Irrelevant whether Indian planes that violated LoC were targeted by F-16s or JF-17s: ISPR

Published April 1, 2019
In this Feb 27 file photo, Pakistan Army soldiers stand near the wreckage from one of the Indian aircraft shot down by the PAF. — Photo: ISPR
In this Feb 27 file photo, Pakistan Army soldiers stand near the wreckage from one of the Indian aircraft shot down by the PAF. — Photo: ISPR

The military's media wing on Monday said that it was meaningless to question whether Pakistan used JF-17 Thunder aircraft or US-built F-16 jets to shoot down two Indian Air Force (IAF) warplanes that violated Pakistani airspace on February 27, saying Pakistan has the right to use any of its abilities for self-defence.

The Inter-Services Public Relations (ISPR) in its statement sought to address repeated claims by the Indian government and media that the Pakistan Air Force (PAF) had used F-16 jets in the dogfight with Indian aircraft and that a Pakistani F-16 jet was shot down by Indian pilots.

"The February 27 incident has become a part of history now," the ISPR statement said, reiterating that no PAF F-16 was hit by Indian forces.

It explained that PAF JF-17 Thunders jets had carried out strikes across the Line of Control (LoC) that day from inside the Pakistani airspace, in response to the Indian strikes in Balakot a day earlier.

Later, when two Indian jets violated the LoC after the Pakistani strikes, they were shot down by the PAF.

"Whether it was F-16 or JF-17 which shot down 2 Indian aircraft is immaterial," the military's media wing said.

"When the Indian planes crossed [the LoC] all of PAF's airplanes including F-16s were airborne," it added.

Read: Deal allows Pakistan to use F-16s as ‘deterrence against India’

The ISPR emphasised that India could "assume any type of their choice [of the PAF jets]" but that would not change the end result of the dogfight that took place in February.

"Even if F-16[s] have been used ... the fact remains that Pakistan Airforce shot down two Indian jets in self-defence," it said.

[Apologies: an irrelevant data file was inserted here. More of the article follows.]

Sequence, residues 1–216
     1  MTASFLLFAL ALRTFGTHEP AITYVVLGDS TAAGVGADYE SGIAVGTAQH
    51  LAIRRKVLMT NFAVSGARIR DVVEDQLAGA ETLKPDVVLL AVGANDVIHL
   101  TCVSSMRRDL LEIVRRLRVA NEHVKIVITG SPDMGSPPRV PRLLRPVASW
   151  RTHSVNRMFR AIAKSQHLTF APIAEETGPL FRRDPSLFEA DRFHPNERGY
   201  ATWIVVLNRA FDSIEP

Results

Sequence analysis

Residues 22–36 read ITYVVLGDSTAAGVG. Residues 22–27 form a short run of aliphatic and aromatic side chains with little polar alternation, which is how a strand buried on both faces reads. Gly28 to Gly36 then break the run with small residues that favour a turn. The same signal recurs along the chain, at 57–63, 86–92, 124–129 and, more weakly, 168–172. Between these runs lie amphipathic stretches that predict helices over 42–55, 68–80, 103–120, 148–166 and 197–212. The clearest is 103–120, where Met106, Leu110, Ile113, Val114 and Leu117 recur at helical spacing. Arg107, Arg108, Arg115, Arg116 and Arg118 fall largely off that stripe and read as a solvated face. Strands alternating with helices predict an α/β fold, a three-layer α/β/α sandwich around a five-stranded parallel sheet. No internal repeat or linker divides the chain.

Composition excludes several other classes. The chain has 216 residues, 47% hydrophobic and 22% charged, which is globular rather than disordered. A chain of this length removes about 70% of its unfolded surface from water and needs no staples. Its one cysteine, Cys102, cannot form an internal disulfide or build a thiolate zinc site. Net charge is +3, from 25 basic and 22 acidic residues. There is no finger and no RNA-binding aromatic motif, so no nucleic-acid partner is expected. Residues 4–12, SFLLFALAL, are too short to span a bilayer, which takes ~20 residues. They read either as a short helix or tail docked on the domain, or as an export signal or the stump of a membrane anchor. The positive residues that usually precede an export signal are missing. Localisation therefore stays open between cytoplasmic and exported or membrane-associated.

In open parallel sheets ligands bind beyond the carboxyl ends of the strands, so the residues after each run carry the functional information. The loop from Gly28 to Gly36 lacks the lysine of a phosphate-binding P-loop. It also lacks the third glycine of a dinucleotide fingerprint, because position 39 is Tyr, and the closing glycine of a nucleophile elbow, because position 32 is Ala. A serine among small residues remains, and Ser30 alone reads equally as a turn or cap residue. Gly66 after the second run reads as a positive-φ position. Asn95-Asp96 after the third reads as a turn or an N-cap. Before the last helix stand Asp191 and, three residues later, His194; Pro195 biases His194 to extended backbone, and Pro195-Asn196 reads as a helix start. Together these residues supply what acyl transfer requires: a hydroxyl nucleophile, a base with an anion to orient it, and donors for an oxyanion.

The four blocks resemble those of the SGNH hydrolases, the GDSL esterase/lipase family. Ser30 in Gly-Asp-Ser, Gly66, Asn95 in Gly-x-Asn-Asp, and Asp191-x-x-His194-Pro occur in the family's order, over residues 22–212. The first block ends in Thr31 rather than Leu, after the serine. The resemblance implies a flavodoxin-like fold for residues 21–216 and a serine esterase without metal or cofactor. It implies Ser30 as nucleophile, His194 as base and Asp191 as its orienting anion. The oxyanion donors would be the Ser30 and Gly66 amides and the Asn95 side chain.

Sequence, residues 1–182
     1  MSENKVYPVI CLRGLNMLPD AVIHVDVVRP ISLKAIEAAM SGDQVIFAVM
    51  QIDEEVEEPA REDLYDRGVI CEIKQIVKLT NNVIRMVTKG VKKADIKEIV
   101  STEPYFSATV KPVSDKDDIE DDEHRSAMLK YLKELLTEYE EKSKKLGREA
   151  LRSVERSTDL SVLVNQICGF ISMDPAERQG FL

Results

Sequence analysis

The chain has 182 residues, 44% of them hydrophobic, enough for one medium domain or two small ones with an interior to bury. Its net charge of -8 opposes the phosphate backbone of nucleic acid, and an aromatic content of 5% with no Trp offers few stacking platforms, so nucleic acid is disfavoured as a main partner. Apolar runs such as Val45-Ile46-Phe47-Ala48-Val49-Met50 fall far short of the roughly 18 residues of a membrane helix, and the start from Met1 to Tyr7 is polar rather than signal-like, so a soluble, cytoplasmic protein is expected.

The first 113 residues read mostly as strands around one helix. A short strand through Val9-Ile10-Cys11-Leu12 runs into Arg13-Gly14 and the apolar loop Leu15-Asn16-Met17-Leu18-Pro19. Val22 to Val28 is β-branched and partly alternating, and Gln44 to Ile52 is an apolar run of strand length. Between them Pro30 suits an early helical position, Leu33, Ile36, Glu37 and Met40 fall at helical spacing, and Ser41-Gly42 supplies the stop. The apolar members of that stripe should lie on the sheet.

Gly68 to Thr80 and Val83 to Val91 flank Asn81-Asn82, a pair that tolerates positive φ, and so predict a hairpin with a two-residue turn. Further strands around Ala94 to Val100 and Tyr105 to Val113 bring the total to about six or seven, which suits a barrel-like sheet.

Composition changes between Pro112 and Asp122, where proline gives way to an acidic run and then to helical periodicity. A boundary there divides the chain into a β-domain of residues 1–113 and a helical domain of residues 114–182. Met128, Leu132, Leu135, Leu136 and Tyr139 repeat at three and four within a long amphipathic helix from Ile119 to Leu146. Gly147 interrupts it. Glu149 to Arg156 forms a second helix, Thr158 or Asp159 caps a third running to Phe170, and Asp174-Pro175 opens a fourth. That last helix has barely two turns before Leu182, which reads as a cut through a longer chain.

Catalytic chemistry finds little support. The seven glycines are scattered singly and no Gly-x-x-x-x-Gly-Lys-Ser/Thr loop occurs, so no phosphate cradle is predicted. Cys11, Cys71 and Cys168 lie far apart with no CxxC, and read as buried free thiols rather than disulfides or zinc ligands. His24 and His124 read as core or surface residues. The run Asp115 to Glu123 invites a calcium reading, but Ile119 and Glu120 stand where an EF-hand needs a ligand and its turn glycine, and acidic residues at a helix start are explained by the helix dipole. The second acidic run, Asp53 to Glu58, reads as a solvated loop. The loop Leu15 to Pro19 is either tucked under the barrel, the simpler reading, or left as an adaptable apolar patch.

"Pakistan retains the right to use anything and everything in its legitimate self-defence."

Following the conflict between the two countries in February, India had claimed that the PAF had used the F-16 warplane to target Indian military installations after crossing the LoC. For “proof” a piece of an apparent missile was shown, which the Indian media said could only have been used by an F-16.

It also claimed that before an Indian plane was shot down and its pilot captured by Pakistani forces, an IAF MiG Bison had shot down a PAF F-16 aircraft. Pakistan had denied the Indian claims.

New Delhi had insisted that Pakistan’s alleged use of F-16 against India meant that Islamabad stood in violation of a sales agreement with the US.

The US State Department had refused to take a position on India's complaint against Pakistan over using F-16s in the air battle. However, Dawn had reported last month that Washington while providing F-16 fighter jets to Islamabad not only acknowledged the aircraft’s “deterrence value” to Pakistan in a future conflict with India but also noted that it could prevent a nuclear clash between the two neighbours.

Also, New York Times journalist Maria Abi-Habib had quoted US sources as saying "if India entered Pakistani airspace for a second day, and Pakistan used the [F-16] jet defensively, the contract wasn’t violated. But, if Pakistan used an F-16 to attack India first, then deal was violated.”

The ISPR statement comes two days after India reportedly shared "critical evidence" with the US that the PAF had used F-16 fighters to strike targets in Indian-occupied Jammu and Kashmir, according to a Hindustan Times report.

Quoting unnamed government officials, the newspaper said India had shared evidence, including call signs associated with PAF F-16s and "specific details" of the AIM-120-C5 Advanced Medium Range Air-to-Air Missile (AMRAAMs) which New Delhi alleged Pakistan had used, with the US through "institutionalised intelligence channels".

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